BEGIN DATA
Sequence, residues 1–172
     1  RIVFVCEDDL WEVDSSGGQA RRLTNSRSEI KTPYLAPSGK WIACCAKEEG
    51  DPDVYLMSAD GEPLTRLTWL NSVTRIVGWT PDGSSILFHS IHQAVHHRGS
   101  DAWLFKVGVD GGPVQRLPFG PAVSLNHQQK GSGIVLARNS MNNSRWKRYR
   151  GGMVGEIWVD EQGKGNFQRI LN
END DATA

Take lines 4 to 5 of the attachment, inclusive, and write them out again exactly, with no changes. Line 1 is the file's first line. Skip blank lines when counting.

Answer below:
   101  DAWLFKVGVD GGPVQRLPFG PAVSLNHQQK GSGIVLARNS MNNSRWKRYR
   151  GGMVGEIWVD EQGKGNFQRI LN